Boston surgeon accused of killing wife allegedly abused her for months
The star Boston surgeon who authorities say killed his wife had been accused of abusing her for months before her death — including by choking her and cutting her with scissors, according to a report.
Ingolf Tuerk, 58, was already facing charges that he repeatedly attacked Kathleen McLean, 45, before he was taken into custody for her murder Saturday, the Boston Globe reported.
But earlier this month, the couple seemed to have reconciled, with McLean asking for a restraining order she’d secured against Tuerk to be vacated and saying she didn’t want to pursue criminal charges.
“I feel safe and would like to bring my family back together with my husband,” McLean wrote in a May 2 court affidavit obtained by the paper.
“My goal is to salvage our family including reuniting with my husband as father and stepfather to my children.”
The former head of urology at St. Elizabeth’s Medical Center in Brighton is the father of two teenage boys who live with his ex-wife. McLean, a Reiki master and teacher, has three children who live with their father.
The couple had been together for two-and-a-half years when they eloped Dec. 14 to Las Vegas, after Tuerk surprised her with a marriage license, the report said.
Friends said their relationship began to hit the rocks in November, when Tuerk reached a settlement agreement with the Massachusetts Attorney General’s Office after he faced accusations of falsely billing MassHealth.
Tuerk agreed to pay $150,000 to resolve allegations that he caused his employer to improperly bill the state’s Medicaid program for portions of surgical procedures that never took place or office visits he didn’t attend or supervise, according to the attorney general’s office.
“The slow deterioration of his career as doctor and surgeon is when he started getting more violent,” Larry Corcoran, a friend of McLean’s, told the paper.
In February, Tuerk was formally terminated from Steward Medical Group, which operates St. Elizabeth Medical Center. He hadn’t seen or treated patients for more than a year.
By that month, McLean was planning to file for divorce from her husband, she told Dover police on Feb. 3, according to a police report obtained by the Globe.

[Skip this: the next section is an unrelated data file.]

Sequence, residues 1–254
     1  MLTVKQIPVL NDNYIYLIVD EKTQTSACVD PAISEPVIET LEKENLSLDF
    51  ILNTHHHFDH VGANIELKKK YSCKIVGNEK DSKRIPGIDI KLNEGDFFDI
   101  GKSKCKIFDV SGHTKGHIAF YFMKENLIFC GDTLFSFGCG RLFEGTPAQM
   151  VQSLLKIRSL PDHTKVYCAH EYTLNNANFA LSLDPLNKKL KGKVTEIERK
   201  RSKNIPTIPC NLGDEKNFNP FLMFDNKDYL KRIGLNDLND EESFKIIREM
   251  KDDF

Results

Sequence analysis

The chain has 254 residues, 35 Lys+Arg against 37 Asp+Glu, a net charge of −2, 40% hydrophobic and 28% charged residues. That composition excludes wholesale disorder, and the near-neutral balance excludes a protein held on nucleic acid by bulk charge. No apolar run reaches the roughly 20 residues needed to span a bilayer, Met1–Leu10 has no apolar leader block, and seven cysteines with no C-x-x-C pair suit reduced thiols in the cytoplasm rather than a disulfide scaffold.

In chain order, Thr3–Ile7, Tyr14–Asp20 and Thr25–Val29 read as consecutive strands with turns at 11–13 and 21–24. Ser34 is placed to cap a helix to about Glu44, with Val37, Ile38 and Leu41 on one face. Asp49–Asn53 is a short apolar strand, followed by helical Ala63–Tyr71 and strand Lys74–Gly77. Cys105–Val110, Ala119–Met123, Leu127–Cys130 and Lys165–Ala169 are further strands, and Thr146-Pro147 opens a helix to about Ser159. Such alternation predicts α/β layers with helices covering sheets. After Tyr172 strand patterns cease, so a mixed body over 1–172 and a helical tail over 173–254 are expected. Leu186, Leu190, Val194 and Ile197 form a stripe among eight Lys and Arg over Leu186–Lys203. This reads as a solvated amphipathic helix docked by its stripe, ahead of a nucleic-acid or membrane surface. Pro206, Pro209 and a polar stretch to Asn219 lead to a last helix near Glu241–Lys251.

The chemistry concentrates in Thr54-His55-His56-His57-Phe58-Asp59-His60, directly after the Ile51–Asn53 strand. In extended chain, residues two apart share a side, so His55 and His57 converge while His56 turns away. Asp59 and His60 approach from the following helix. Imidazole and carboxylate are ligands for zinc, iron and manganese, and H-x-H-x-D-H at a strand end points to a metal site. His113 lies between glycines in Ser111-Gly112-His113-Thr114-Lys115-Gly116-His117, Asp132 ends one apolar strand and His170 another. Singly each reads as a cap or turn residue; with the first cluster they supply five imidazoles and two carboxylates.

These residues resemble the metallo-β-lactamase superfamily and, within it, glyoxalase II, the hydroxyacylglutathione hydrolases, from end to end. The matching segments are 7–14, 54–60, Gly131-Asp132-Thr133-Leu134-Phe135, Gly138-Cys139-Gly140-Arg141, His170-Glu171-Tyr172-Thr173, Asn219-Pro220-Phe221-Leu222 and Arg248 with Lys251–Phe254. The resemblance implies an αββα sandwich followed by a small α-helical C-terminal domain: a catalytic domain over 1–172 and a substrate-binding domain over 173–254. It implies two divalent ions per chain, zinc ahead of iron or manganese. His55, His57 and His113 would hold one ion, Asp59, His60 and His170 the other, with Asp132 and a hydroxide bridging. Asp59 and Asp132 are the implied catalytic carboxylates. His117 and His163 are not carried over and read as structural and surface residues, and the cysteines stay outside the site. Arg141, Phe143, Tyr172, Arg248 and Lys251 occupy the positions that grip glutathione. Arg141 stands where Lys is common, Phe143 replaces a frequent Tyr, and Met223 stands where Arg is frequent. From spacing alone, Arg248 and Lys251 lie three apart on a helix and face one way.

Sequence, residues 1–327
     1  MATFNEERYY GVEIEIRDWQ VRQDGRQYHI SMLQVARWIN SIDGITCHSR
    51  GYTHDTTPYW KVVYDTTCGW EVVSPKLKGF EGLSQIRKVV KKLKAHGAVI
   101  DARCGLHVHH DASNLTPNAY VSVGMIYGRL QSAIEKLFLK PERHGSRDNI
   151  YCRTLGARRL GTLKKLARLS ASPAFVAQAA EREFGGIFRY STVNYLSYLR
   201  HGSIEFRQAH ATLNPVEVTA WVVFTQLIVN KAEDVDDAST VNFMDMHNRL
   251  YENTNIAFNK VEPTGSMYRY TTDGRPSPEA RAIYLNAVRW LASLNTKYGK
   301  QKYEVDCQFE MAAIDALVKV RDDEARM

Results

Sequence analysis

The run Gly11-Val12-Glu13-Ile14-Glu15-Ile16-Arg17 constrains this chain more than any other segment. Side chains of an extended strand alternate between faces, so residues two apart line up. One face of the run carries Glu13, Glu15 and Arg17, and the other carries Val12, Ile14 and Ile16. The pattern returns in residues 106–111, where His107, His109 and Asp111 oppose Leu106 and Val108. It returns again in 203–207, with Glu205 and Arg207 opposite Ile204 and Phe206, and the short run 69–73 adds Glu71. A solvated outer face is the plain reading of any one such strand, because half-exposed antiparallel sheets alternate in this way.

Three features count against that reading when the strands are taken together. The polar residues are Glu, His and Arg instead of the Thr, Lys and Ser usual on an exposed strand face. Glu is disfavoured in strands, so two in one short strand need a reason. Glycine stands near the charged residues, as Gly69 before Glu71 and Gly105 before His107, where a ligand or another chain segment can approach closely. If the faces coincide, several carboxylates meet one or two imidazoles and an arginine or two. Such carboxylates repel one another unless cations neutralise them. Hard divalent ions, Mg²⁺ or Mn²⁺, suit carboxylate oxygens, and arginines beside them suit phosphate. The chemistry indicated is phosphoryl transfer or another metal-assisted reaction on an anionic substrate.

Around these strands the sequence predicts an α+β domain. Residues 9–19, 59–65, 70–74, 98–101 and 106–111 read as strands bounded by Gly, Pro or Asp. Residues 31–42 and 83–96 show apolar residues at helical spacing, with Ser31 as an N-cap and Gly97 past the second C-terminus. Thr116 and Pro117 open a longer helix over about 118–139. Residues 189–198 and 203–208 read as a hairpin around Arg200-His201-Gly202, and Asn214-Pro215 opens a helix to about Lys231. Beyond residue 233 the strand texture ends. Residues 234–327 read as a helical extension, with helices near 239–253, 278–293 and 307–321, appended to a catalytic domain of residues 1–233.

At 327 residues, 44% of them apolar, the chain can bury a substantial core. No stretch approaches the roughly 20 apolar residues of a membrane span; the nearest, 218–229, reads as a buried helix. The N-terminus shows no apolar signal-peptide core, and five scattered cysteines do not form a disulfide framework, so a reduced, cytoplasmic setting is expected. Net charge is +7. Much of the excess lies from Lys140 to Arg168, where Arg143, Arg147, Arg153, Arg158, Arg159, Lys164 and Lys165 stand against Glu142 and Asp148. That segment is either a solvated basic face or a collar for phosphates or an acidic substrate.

Tuerk was arraigned on Feb. 6 for violating the restraining order. He pleaded not guilty and was supposed to return to court March 4, but the hearing was postponed.
In March, McLean called the Dover-Sherborn Press and spoke to a reporter about her fear of Tuerk and how the system wasn’t working to protect her, the paper reported on Sunday.
According to the February police report, McLean told cops that she and Tuerk had gotten into an argument the previous December while they were in bed — and that he slammed her head into the headboard and then used one hand to choke her, while covering her nose and mouth with the other.
“McLean stated that she felt like ‘she had trouble breathing and thought she was going to die’ and ‘everything went black,’” according to the police report. “During the incident she screamed and one of her kids heard her.”
McLean told cops that in January, Tuerk picked her up and threw her to the floor during an argument and that she hit the floor so hard, her shoes were knocked off, according to the police report.
After both alleged incidents, Tuerk told McLean he loved her.
In another “bizarre” incident, Tuerk picked up a pair of scissors and told her, “I’m the king of this castle … you are only a guest,” McLean said, according to the report.
He then cut off a piece of her hair and sliced McLean’s hand as she tried to stop him, the report said.
McLean also told cops that Tuerk would track her location using her iPhone.
In an interview with cops, Tuerk denied attacking McLean and said the only time he had touched her was when she tried to take his phone.
By the time the May 2 court affidavit was filed, the pair had committed to couples counseling and Tuerk agreed to seek individual therapy.
On Saturday night, police found McLean’s body in an outdoor area near her Valley Road home, according to authorities. She had been missing since Thursday.
Friends described McLean as “an angel.”
“We’ve lost an angel and I think it’s important for people to know that,” Danielle Boland told MassLive about McLean.
The Belmont native worked as a master and teacher of Reiki, a form of alternative medicine involving energy healing. She ran a business called Birch Tree Energy and Healing in Sudbury.
“Anyone you can ask; she was one of the most amazing people,” Boland said. “She spent days of healing and helping people. That was her full-time career.”
Tuerk is due to be arraigned on murder charges in Dedham District Court on Monday. (Copied from the New York Post)
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